Article published on FLOORNATURE
The Iris Ceramica Group’s London showroom hosted the first of a new series of events all over the world focusing on the Circular Economy, organised by the Italian group of companies in partnership with SOS – School of Sustainability, founded by Mario Cucinella. The round table entitled “Going Around in Circles: Disruption, Recycling and Sustainability” saw the participation of Annabel Koeck, Chiara Brass, Mario Cucinella and Michael Braungart, moderated by Paul Finch, director of the WAF World Architecture Festival.
On January 30 the Iris Ceramica Group’s London showroom hosted the first of a new series of events all over the world focusing on the Circular Economy: a series of meetings to be held in different locations in Europe and elsewhere, organised by the Italian group of companies in partnership with Mario Cucinella’s SOS – School of Sustainability. The next events in the series will take place during Milano Arch Week and Dubai Design Week. With live Instagram coverage, the first event in London saw the participation of prestigious international guests: architects Annabel Koeck of Grimshaw Architects, Chiara Brass, founder of Department22, Mario Cucinella, founder of Mario Cucinella Architects, and Michael Braungart, founder of Cradle Products Innovation Institute. The round table entitled “Going Around in Circles: Disruption, Recycling and Sustainability” was moderated by Paul Finch, director of the WAF World Architecture Festival. Guests offered interesting reflections on the term “sustainability” and how design can be a tool for transition to a circular economy. The architects’ contributions revealed that the first step is cultural and technological change: a consideration suggesting a need for urgent collective commitment to transform human spaces into ecosystems, defined as “systems” in which all players work for their own survival while at the same time contributing to the achievement of a circular global balance.
The London initiative offers further confirmation of the Iris Ceramica Group’s all-round commitment to the environment. Ever since the Group began production, its founder Romano Minozzi has strongly believed in the importance of safeguarding natural resources with ecological policies, in the conviction that this is an essential step for enterprise and manufacturing industry. The Italian Group’s investment in advanced technologies has led to improvement of its production cycle, culminating in the start-up of a machine in the maxi-slab plant in Castellarano which produces zero polluting emissions. In parallel with this concrete sign of the Group’s ongoing commitment to creating a healthier environment for workers and people who live near its production facilities, the Group continues to invest in research, producing increasingly high-performing anti-pollutant and anti-bacterial ceramic tiles and maxi-slabs: products that improve the healthfulness of the indoor environment, as well as cutting atmospheric pollution when used on the outside of buildings.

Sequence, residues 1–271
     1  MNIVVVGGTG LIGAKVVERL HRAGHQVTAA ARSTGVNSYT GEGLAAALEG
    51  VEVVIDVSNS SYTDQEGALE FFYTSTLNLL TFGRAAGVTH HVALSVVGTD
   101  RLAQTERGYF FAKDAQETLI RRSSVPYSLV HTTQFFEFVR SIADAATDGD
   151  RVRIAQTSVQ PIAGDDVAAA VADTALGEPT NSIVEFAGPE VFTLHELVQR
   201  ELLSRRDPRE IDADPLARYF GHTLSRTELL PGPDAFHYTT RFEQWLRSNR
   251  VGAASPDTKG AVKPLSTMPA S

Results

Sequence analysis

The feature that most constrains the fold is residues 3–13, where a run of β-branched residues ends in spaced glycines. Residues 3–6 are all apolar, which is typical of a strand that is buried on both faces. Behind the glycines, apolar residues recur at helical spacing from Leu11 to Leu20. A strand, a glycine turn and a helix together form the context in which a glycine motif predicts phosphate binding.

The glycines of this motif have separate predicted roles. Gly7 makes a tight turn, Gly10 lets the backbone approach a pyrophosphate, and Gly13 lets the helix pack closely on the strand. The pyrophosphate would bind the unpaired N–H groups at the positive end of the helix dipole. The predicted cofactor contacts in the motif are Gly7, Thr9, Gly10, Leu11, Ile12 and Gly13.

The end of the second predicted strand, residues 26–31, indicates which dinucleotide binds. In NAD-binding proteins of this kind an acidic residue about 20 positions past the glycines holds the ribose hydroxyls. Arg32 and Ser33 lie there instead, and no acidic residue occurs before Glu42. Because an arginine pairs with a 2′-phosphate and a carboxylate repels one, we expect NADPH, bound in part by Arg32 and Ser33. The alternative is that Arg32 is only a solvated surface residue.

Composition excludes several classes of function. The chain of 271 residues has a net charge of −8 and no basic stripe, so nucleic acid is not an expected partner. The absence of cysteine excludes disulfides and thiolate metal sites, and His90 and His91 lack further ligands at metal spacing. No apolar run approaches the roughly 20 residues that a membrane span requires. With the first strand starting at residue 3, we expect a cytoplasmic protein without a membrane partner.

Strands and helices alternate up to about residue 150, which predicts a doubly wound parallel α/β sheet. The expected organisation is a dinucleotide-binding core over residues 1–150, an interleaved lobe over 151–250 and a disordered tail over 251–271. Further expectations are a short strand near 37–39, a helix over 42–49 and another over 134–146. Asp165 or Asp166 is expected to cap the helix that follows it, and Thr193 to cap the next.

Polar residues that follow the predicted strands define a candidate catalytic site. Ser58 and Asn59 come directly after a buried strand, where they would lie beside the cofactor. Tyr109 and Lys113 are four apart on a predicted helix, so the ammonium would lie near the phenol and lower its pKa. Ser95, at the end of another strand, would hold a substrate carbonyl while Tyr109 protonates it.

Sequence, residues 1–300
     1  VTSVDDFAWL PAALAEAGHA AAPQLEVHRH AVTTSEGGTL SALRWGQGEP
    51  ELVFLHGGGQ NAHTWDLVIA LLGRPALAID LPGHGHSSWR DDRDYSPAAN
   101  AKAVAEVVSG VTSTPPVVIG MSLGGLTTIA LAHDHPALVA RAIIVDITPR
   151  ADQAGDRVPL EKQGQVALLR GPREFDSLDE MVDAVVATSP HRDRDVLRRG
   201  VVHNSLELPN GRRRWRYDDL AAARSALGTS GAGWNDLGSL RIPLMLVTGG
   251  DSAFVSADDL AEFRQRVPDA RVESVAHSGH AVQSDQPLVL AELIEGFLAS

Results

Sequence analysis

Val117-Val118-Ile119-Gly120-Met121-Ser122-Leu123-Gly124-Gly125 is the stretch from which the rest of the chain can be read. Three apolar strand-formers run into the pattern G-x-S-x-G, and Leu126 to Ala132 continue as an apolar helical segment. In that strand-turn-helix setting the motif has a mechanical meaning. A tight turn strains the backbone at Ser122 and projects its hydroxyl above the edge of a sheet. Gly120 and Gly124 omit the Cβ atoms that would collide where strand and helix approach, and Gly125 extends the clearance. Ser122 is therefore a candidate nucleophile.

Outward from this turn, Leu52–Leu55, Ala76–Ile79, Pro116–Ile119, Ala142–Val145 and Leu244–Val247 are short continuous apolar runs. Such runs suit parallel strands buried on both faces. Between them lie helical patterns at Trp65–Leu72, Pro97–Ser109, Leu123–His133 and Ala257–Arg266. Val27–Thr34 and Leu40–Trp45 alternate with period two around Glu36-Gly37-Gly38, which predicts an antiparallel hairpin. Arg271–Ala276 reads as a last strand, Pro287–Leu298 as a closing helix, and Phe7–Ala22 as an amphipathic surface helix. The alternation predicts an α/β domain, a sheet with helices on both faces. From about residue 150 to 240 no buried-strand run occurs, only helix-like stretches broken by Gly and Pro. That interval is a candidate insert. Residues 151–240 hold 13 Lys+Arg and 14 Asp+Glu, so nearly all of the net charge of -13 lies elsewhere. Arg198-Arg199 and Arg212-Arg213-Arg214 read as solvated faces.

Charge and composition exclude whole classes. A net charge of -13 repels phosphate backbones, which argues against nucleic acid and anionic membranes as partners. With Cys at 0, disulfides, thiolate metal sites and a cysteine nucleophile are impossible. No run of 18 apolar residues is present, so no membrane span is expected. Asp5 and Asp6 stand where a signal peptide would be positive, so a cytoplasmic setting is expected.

A constant focus on the future, and specifically on a sustainable future, is the common thread that continues to guide the companies’ policy, becoming the underlying motif that has inspired the Iris Ceramica Group to create a positive, ethical legacy for generations to come. This goal was consolidated in the autumn of 2019 when Dr. Federica Minozzi, the Group’s CEO, presented stakeholders and the press with the newly established Fondazione Iris Ceramica, a foundation giving concrete form to the Group’s Corporate Social Responsibility initiatives, such as support for the work of The Nature Conservancy, a US environmental organisation with decades of history fighting climate change and working toward preservation of land and water all over the earth.